Actually Patrick it would make more sense in Spring Training. If a team holds a player all season, they are going to get compensated for the player in the following draft. So the team trading for him would have more incentive before the season. With that said, I think if the Cubs were to dangle him at the deadline, there would be less teams because the compensation pick isn’t there, but Cubs use that to their negotiation advantage. The team coming at them will immediately have to top that value. Then, you have teams bidding against each other with a chance to win. Long story short, we will have more teams bid on him before the season as opposed to the trade deadline.

    2. hansman1982

      At this point, unless Garza goes to a team he wants to play for long term (and gets an NTC (full/partial or Greinke style)) he is going to hit free agency. He knows that a healthy and productive 2013 equals a GIANT payday.

    3. Patrick G

      Good points it was just a thought that came to mind and didnt think of the benefits of the other options

  9. Chris

    A healthy Garza has more value to a trade partner before the season than halfway through, and thus would generate a more substantial return.

    Think about it as the team trading for him:
    A) Full season of control, plus draft pick compensation if he doesn’t stick around, or
    B) Half season of control, with no guarantees he’ll stick around after the season

    Which are you more willing to send quality Chicago’s way for?

    1. Rich H

      Or have him do a Extension before the trade even gets done like what Peavy got from the Sox a few years ago. That would be the best scenario for the Cubs. Trade him for maximum value because a 2 or 3 year contract is already worked out.

  10. cubmig

    All of the talk about how the 2013 Cubs will lose 77 to 90 games leaves little for us old fans to rejoice over. Snail progress. The wheels of improved-change move awfully slo..o..o..oo..oo..ow. A Cubs’ World Series wish dims and is at the mercy of “progress moves” yet to prove out.

    1. Norm

      Losing 77 games would give the Cubs 85 wins and would make for a rather enjoyable, exciting season.

  11. Kyle

    When I plug those into the projected playing time, I get 80-82.

    1. SirCub

      That’s if you put your replacement level team at 50 wins, I’m guessing. Zips, for whatever reason, uses 45 wins as its baseline (which puts the Cubs at 75-87).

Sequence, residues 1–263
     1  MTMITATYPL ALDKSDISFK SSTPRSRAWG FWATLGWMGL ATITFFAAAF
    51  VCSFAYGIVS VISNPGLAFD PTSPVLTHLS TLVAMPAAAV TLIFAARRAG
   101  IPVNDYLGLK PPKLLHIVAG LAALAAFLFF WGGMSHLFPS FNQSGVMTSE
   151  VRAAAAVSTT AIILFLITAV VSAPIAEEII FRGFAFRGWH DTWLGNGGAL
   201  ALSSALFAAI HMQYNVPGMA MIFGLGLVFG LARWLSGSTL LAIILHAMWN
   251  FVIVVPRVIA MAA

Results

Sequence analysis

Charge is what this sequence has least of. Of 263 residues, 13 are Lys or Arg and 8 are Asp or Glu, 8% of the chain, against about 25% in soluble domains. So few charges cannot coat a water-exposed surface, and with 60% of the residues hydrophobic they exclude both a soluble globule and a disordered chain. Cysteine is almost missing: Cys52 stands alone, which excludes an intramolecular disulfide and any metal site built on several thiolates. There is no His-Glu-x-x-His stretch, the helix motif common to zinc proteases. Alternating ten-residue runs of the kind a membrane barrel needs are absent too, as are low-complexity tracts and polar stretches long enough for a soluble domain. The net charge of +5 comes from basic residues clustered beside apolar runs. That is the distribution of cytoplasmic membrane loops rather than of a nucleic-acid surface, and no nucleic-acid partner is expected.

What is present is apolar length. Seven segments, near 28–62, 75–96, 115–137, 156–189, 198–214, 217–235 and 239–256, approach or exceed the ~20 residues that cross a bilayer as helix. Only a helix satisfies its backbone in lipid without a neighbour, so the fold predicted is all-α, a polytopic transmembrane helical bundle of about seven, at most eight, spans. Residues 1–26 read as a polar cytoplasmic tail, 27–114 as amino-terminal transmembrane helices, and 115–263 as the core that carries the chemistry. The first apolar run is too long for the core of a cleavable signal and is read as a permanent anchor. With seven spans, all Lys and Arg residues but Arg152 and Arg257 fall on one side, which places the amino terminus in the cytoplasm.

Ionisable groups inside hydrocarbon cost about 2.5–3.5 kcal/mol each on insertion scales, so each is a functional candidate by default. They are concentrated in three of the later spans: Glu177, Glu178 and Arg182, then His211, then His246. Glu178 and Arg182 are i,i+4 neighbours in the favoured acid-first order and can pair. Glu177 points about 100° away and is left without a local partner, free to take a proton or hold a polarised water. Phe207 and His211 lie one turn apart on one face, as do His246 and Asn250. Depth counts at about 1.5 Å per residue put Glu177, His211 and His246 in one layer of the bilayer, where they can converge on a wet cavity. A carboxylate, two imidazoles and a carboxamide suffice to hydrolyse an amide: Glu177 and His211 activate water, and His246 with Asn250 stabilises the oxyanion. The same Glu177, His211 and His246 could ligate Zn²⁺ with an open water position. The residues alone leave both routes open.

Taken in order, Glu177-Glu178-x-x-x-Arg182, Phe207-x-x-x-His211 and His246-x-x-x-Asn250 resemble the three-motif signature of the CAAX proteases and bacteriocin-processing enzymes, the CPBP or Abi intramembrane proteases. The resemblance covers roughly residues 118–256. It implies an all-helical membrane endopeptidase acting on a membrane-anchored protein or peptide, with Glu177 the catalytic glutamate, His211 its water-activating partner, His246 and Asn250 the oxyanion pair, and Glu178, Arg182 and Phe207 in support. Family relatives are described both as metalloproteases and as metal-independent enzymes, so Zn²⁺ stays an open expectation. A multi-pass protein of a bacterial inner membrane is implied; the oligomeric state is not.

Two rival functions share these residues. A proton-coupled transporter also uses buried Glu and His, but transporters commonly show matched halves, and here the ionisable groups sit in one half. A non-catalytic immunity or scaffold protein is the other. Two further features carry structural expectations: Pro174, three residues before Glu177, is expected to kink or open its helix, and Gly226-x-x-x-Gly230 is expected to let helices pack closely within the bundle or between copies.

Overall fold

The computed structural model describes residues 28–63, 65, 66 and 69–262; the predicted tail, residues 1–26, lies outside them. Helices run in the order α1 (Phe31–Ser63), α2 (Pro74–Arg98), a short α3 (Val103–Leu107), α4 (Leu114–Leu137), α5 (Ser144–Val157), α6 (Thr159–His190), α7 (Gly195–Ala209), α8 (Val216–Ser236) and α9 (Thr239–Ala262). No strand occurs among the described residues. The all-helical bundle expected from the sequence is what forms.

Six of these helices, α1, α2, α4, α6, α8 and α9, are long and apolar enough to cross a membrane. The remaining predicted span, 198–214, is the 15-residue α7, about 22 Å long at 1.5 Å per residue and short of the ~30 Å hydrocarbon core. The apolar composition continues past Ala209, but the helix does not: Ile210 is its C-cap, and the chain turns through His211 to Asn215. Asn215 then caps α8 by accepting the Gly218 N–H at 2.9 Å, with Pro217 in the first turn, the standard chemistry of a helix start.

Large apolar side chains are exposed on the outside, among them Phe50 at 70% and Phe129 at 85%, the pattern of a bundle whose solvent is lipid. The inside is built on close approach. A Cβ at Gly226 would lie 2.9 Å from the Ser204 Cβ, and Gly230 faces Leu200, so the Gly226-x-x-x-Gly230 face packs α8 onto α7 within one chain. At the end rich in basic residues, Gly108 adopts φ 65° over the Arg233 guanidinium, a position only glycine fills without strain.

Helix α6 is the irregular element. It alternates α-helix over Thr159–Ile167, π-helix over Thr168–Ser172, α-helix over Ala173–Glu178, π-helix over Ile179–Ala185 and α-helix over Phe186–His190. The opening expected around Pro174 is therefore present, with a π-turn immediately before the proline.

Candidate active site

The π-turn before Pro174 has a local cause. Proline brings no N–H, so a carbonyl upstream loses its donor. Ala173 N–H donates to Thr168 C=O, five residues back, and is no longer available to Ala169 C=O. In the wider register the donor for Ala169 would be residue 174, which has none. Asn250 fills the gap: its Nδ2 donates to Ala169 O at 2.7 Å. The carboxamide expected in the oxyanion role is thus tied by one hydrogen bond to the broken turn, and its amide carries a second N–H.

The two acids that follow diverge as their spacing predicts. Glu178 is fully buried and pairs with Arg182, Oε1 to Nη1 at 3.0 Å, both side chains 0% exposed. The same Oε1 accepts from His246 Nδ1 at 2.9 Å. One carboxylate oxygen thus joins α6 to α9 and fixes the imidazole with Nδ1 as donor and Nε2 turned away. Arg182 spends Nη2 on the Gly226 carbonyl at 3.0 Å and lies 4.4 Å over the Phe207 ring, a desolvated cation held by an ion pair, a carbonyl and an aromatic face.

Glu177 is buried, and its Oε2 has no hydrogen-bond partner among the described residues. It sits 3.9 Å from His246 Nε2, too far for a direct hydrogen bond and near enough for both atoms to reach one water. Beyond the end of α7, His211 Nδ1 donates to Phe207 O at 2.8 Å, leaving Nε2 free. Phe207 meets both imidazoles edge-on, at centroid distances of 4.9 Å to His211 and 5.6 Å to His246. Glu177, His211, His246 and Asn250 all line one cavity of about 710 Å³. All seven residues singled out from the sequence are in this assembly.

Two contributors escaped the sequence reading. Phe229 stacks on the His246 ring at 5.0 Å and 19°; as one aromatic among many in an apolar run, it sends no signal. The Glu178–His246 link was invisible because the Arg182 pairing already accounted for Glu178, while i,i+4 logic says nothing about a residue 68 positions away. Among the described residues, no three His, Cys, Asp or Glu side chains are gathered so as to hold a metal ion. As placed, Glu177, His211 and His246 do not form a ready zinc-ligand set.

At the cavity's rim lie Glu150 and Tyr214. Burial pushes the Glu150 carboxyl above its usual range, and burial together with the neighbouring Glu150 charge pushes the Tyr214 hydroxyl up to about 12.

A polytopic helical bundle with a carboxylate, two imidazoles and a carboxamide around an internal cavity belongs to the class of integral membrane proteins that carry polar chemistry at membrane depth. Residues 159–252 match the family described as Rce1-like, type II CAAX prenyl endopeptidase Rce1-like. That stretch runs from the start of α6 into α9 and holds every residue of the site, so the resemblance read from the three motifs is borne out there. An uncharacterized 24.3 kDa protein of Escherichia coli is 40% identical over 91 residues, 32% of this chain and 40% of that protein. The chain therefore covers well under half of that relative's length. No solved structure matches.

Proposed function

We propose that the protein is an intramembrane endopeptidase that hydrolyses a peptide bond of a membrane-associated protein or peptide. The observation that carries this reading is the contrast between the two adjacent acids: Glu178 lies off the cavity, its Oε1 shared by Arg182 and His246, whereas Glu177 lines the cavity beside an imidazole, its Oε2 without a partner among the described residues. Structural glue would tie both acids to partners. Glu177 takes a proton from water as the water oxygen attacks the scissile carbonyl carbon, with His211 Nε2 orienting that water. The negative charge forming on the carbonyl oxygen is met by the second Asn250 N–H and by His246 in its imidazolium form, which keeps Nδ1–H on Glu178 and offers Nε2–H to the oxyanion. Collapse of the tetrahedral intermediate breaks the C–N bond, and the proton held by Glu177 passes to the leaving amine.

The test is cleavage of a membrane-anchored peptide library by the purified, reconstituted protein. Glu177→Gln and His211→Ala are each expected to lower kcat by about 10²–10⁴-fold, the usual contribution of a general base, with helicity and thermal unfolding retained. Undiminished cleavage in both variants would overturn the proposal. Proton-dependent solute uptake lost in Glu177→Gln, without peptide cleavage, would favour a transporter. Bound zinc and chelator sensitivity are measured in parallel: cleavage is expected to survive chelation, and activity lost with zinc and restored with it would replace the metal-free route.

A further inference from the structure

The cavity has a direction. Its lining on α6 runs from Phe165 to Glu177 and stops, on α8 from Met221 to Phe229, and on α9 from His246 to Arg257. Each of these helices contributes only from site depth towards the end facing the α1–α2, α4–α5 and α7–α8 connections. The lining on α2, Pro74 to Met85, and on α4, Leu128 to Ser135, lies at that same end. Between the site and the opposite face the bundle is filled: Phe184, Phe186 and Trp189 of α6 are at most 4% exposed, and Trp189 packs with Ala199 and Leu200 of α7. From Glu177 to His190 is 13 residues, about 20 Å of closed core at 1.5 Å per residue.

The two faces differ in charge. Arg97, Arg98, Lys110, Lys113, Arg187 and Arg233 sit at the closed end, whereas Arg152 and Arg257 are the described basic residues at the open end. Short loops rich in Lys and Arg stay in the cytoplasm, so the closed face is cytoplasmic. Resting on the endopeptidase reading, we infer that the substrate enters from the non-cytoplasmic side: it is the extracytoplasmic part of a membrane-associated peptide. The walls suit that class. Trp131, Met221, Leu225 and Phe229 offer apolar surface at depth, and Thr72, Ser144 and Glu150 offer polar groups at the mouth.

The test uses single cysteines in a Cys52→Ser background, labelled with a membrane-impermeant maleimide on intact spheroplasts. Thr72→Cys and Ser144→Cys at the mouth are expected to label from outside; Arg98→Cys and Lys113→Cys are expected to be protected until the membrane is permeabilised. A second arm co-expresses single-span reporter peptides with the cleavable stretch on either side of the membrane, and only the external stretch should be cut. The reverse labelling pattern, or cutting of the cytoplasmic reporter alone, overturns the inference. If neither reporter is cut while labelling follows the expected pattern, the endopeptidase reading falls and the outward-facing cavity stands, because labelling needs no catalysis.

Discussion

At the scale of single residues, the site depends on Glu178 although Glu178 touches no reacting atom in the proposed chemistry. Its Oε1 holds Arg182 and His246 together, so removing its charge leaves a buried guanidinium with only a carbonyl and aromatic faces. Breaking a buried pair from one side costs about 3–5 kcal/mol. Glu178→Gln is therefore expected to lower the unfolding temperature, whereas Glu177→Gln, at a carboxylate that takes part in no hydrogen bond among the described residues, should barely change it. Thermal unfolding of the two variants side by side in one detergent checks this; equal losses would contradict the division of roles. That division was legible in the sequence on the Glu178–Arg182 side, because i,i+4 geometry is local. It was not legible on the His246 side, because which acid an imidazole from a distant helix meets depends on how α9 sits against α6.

Also, Zips doesn’t just total a team’s WAR to determine their record. He projects it by looking at the projections of other teams in the division and league, taking strength of schedule into account, I believe. That should help bump the Cubs a bit.

  12. Leroy

    love me some Anthony Rizzo Porn. LOL thats awesome.

  13. Blublud

    This is why I not a big fan of these projection and the peripheral type stats.

    Let say I have a season where I have 200 hits in 650 PA.
    I have 30 three hit games. Out of those I have 6 four hit games and 2 five hit games that’s season. In 30 games in have 100 hits and in the other 132 games I have 100 hits.

    Now lets say I have 30 HRs. In my 30 big games I hit 15 HRs. In the other 132 games I hit 15 HRs.

    Lets split 100 RBIs the same way. 50 in the big games, 50 in the other.

    For the season I would be .308/30/100

    But the split might be

    30 game span
    150 AB .667/15/50

    132 game span
    500 AB .200/15/50

    In other words, my season line was good, but in reality, I was really only effective in less then 20% of the games.

    I know I may be on the extreme end here but is there a stat that measures consistency over the course of the season vs. Stats weighted from a few big games.

    1. SirCub

      That’s actually why peripheral stats and projections based on them are useful. Because over the course of a small sample (like, one season, or a month within a season), there will be a lot of fluctuations in player performance, due to nothing more than statistical noise.

      If you want to project a player’s future performance, its best not to look at their actual performance, which will be influenced by “hot” and “cold” stretches, where thay happened to have more groundballs find holes, and flyballs carry over the fence. Instead, by looking at their much more stable peripheral statistics (bb rate, k rate, gb rate, etc), you can have more confidence in what they will do in the future.

  14. Richard Nose

    Solid projection for LaHair.